Insults and the Zen of Interfaith RespectFaiqa Khan
Every other week,I do a forty five minute podcast with my dear friend who is a practicing Jew and we talk about everything religious and otherwise: kosher versus halal, Batman versus Superman and even Palestine and Israel.
My relationship with Mike and the public nature of our friendship gives me insight into his faith and him insight into mine. I was also educated in a Protestant environment until the sixth grade and that experience gave me a strong knowledge of the Bible and of Christian belief systems. It also gave me an opportunity to see how similar my faith was to the one that was taught at school. Finally, as a Pakistani-American growing up in the South, my family blurred the lines between Pakistan and India in a way that some of my dearest friends growing up — the kind that are considered family — were Hindu, Parsi, Sikh and Buddhists.
My experience hasn’t been a cerebral one when it comes to world religions, but an empathetic and emotional one. These friends were not “learning experiences” for me. They are my friends. Getting to know what they believe and how they practice arose through a happy accidentalism, not an intentional endeavour to educate myself. Whereas others have struggled to find common ground, I came of age as a person who took the existence of that ground for granted.
In a lot of ways, the natural assumption of friendship has highlighted my confusion with the general way in which most people approach interfaith discussion and topics. For example, last week, I wrote a light piece on Hanukkah that was aimed at impressing upon people the need to pull lessons from a holiday they may not celebrate. I thought it was benign. In the minds of a vocal few, the post was extremely “insulting” and “should be taken down.” And, believe it or not, someone even called me a “raghead” and questioned why I needed to bring up the fact that I’m Muslim in every, single post on Babble.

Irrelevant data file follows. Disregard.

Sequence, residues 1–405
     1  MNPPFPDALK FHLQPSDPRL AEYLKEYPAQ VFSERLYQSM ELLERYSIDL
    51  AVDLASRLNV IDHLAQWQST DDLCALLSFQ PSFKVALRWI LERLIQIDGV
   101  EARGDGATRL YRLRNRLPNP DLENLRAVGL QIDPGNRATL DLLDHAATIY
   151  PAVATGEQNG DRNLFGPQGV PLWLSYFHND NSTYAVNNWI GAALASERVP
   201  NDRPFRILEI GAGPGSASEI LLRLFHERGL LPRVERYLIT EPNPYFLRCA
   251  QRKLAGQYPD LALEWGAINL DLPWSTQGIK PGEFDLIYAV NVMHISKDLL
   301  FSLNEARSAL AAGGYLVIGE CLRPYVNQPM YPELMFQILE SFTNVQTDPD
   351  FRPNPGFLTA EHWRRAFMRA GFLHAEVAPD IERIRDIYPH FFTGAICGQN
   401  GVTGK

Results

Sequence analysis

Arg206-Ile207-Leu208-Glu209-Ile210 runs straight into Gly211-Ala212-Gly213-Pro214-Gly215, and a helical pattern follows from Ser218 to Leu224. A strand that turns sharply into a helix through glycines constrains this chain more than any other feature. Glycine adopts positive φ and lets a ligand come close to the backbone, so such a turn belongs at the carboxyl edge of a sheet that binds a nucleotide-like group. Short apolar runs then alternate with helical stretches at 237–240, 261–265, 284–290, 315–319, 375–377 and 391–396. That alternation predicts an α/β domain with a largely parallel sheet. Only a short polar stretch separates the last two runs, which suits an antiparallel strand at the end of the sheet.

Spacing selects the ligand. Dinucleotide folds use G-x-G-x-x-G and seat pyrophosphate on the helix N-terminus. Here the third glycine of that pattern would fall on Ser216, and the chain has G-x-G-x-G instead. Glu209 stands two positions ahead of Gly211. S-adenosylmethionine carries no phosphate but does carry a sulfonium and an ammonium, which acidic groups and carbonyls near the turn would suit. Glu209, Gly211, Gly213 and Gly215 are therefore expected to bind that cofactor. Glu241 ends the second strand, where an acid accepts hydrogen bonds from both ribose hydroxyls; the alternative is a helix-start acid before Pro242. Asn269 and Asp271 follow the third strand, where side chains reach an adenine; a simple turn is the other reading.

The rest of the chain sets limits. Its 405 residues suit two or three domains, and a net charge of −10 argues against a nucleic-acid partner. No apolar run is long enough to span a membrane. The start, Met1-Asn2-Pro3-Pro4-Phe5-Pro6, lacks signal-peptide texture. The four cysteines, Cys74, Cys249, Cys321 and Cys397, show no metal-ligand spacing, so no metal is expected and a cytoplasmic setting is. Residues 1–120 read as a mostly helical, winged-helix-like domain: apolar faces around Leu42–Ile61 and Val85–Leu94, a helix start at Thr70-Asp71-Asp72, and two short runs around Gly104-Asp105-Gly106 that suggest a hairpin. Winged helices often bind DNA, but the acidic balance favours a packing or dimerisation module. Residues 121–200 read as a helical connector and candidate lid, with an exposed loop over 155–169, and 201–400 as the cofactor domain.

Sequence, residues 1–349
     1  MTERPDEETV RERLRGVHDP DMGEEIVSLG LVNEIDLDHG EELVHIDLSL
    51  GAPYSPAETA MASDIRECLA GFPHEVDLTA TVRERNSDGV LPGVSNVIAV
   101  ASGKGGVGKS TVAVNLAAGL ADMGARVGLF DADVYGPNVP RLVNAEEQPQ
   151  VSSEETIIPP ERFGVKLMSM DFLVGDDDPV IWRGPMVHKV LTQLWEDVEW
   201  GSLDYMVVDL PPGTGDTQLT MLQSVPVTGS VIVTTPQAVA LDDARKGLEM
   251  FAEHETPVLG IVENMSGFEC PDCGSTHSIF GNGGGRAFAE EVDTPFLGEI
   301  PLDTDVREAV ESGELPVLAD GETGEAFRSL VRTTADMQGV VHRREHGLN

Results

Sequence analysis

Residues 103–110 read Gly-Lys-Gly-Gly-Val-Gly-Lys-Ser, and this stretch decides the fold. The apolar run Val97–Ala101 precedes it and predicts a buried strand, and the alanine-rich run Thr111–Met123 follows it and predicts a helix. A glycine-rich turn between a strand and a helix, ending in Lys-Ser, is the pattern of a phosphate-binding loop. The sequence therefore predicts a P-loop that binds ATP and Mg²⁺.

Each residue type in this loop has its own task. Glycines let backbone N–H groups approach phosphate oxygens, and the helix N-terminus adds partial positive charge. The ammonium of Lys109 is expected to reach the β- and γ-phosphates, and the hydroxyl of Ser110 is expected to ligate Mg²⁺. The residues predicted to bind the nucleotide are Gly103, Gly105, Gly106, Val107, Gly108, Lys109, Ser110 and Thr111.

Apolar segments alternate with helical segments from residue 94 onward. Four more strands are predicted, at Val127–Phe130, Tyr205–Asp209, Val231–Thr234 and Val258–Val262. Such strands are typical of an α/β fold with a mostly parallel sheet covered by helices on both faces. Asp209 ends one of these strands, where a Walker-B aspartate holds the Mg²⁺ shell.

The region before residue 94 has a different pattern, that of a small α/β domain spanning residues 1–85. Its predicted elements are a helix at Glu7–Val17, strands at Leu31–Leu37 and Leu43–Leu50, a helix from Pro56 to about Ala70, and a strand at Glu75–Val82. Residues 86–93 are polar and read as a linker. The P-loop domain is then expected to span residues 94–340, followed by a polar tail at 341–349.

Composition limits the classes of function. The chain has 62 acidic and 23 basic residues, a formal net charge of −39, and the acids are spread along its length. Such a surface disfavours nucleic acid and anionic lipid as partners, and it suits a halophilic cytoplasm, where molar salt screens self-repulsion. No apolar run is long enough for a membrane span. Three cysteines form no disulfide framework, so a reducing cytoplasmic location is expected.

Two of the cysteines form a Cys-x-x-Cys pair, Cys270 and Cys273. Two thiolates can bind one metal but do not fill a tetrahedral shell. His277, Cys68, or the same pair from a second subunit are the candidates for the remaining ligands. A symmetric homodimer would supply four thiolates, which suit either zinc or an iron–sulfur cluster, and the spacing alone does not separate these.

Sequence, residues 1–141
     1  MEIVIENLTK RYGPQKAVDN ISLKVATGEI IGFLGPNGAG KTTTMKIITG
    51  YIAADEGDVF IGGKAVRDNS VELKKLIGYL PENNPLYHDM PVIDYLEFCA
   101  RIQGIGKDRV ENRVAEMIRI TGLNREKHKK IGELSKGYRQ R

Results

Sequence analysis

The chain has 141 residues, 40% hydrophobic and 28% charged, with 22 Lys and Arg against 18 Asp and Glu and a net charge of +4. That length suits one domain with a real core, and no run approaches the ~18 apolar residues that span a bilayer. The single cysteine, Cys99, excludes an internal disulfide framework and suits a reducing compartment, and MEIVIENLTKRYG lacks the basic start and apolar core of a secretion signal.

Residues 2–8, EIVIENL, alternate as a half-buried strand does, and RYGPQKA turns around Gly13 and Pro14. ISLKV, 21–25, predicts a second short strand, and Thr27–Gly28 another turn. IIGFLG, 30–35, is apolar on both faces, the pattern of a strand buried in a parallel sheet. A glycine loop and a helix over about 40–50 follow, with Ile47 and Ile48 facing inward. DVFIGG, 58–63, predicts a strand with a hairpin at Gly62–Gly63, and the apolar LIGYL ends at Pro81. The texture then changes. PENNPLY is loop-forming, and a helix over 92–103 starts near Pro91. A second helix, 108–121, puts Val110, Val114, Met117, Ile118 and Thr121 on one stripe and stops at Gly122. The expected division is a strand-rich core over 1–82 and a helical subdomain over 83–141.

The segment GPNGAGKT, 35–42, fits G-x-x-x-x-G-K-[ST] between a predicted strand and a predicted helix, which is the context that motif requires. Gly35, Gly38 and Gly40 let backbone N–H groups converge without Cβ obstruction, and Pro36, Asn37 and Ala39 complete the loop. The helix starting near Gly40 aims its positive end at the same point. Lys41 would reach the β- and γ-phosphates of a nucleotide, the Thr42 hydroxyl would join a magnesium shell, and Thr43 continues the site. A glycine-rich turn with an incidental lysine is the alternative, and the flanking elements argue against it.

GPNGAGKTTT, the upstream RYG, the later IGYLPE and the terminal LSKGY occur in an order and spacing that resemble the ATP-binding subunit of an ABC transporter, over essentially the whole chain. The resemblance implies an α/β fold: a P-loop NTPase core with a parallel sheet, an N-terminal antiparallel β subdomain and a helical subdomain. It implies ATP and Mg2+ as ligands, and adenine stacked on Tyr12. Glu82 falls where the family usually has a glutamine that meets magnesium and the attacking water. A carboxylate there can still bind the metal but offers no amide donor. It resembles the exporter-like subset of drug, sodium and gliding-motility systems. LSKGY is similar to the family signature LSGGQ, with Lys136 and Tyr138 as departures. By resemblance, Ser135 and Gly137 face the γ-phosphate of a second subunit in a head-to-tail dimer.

I’m not a stranger to controversy, but I’m not going to lie, I’ve never been called “insulting”. I tried to respectfully engage the comments.
What is it about what I’ve written that’s so offensive?
Why is this upsetting?
How is this disrespectful?
Then, of course, there were the questions I asked myself, “Is this because I’m not Jewish and writing about Judaism with a light-hearted tone? Is that not okay?”
Of the people I tried to engage, only one responded. I assume that this is because people think when you ask questions like this, you’re looking for a fight. That wasn’t the case with me. I was genuinely interested.
People can be bothered long enough to tell a stranger that they’re offended, but not be bothered to communicate towards peaceful coexistence. The Buddha said that “Peace is not the absence of conflict, but the ability to cope with it.” I’m going to take license and modify that to “Coexistence isn’t the absence of insult, it is the ability to resolve it.” Telling someone they’re insulting without trying to help them stop being insulting is a metaphorical toilet papering of their soul. It’s a statement devoid of peaceful intention and meant only to invoke shame or hate. The world will not change for the better as long as we think these are useful catalysts for bettering each other’s behavior.